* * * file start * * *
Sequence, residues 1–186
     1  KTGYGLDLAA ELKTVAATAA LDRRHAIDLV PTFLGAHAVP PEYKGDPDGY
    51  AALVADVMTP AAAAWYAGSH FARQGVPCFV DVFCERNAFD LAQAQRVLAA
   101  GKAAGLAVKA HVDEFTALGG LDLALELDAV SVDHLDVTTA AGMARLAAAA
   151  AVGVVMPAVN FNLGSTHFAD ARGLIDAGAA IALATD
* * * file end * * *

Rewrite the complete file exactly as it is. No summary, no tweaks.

Sequence, residues 1–186
     1  KTGYGLDLAA ELKTVAATAA LDRRHAIDLV PTFLGAHAVP PEYKGDPDGY
    51  AALVADVMTP AAAAWYAGSH FARQGVPCFV DVFCERNAFD LAQAQRVLAA
   101  GKAAGLAVKA HVDEFTALGG LDLALELDAV SVDHLDVTTA AGMARLAAAA
   151  AVGVVMPAVN FNLGSTHFAD ARGLIDAGAA IALATD